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mamas who don't shave~ what will you tell your dd and will you/do you allow shaving?

post #1 of 416
Thread Starter 
*****DISCLAIMER*****
I do not shave my legs or my armpits and this thread is not intended to be a debate about shaving(It's crazy that I have to say that, lol). I am actually anti-shaving and this is really a support only thread for people who do not shave, not for people who do and want to chime in about how they do and they love it and yadda yadda yadda.
FTR I am friends with a lot of shavers and while they know my position I would never impose my beliefs on them or shame them for shaving and this post is not intended to make anyone feel bad, but for the sake of my question I wanted to be clear about my feelings and beliefs on this subject


So.

I do not shave because I feel like it is a disgusting habit invented by men to make grown women look more like little girls. I am a woman, I have hair, embrace it!
I actually think hair is sexy, I love my husbands beard and musky scent, he is in no way a metro-man and I wouldn't have it any other way!
And he feels the same way for me! I have never actually had anyone complain that I didn't wax my pubic hair off or shave my legs(and because I don't the hair is soft and fine) or my underarms and I have been this way most of my life, excluding some time in my late teens and early twenties although even then it was spotty sometimes I did sometimes not.
So what I'm wondering is how I will aproach this with my dd. I know that TV and media in general support shaving, promote shaving and advertise shaving products like mad. We are not TV free.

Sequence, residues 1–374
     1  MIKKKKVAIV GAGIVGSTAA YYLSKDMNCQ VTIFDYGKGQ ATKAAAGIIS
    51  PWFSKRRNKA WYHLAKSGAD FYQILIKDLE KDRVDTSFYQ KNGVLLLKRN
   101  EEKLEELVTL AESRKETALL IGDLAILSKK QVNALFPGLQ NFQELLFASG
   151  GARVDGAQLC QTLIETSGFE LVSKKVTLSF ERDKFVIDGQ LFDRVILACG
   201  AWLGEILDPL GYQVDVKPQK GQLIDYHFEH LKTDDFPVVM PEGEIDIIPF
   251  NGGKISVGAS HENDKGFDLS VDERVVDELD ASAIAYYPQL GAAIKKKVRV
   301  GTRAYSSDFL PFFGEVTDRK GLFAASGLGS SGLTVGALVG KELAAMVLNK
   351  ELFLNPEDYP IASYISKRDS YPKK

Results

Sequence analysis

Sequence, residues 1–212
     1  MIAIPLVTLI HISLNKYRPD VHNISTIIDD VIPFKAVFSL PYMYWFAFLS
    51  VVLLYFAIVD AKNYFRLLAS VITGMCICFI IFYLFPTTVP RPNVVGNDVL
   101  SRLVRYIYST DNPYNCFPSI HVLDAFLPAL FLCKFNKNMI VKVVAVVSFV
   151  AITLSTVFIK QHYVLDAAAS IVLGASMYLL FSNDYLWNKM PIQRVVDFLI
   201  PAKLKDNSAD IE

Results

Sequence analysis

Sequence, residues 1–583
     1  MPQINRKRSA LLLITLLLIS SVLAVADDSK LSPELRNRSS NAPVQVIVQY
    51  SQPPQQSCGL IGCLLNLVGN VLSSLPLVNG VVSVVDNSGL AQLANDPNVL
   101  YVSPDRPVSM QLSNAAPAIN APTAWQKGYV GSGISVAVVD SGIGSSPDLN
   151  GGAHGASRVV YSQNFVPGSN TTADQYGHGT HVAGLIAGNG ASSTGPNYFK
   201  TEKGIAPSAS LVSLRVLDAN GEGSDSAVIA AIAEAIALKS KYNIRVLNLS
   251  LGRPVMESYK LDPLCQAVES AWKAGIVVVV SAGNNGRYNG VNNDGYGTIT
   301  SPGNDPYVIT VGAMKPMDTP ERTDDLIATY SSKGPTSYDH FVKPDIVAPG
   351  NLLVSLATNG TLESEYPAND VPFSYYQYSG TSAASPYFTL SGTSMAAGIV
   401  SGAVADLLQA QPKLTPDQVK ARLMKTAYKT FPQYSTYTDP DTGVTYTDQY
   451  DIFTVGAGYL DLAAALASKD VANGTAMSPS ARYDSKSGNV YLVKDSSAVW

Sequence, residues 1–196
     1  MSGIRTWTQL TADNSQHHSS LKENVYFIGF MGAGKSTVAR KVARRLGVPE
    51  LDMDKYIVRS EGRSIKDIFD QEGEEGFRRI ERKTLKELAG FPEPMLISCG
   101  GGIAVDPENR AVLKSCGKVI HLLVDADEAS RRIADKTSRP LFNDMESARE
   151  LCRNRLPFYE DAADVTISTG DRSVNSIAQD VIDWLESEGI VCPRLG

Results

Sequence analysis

I want to instill in her the idea that she is already created perfectly by God in his image. That she doesn't have to conform to society's gender roles like 'smooth big breasted sexy kitten girl' and what not.
But I don't want to alienate her if she is interested in shaving, either.

Do I need to just go TV free and really sensor her media? I am pretty anit-sensorship, but I don't want to program her with ideas I don't agree with just for the sake of not sensoring, y'know?

Sorry this is scattered.
TIA for any responses, I know a lot of people do shave and I will be surprised if anyone actually does respond to this wierd post, lol!!!!!
post #2 of 416
*I* do shave, but every time my stepdaughter has asked a question about it, I have always told her that it is something that some women do, but it is your body and your choice once you are older. Just like anything else people do to their bodies (piercing, tatoos, make-up, hairstyles) I don't want her to think that it is something that she has to do.

I'm not sure how you would go about outright forbidding it - it might become quite the power struggle when she is a teen if all of her friends do shave. It is probably the sort of thing that you would want to start talking to her about at a young age.
post #3 of 416
I don't shave, and I think shaving is silly and yes infantalizing and uncomfortable. I will probably tell my daughter that if/when she asks, but what she does with her own body is her choice.
post #4 of 416
Thread Starter 
Quote:
Originally Posted by thismama View Post
I don't shave, and I think shaving is silly and yes infantalizing and uncomfortable. I will probably tell my daughter that if/when she asks, but what she does with her own body is her choice.
I agree that what she does with her own body is her choice. I really just want her to understand why other people do it and the history behind it so that she doesn't just assume that it is 'what you do' like a lot of people I know do. I also don't want her to feel gross about her mommy not doing it, but living in this society it is just not accepted by mainstream folks.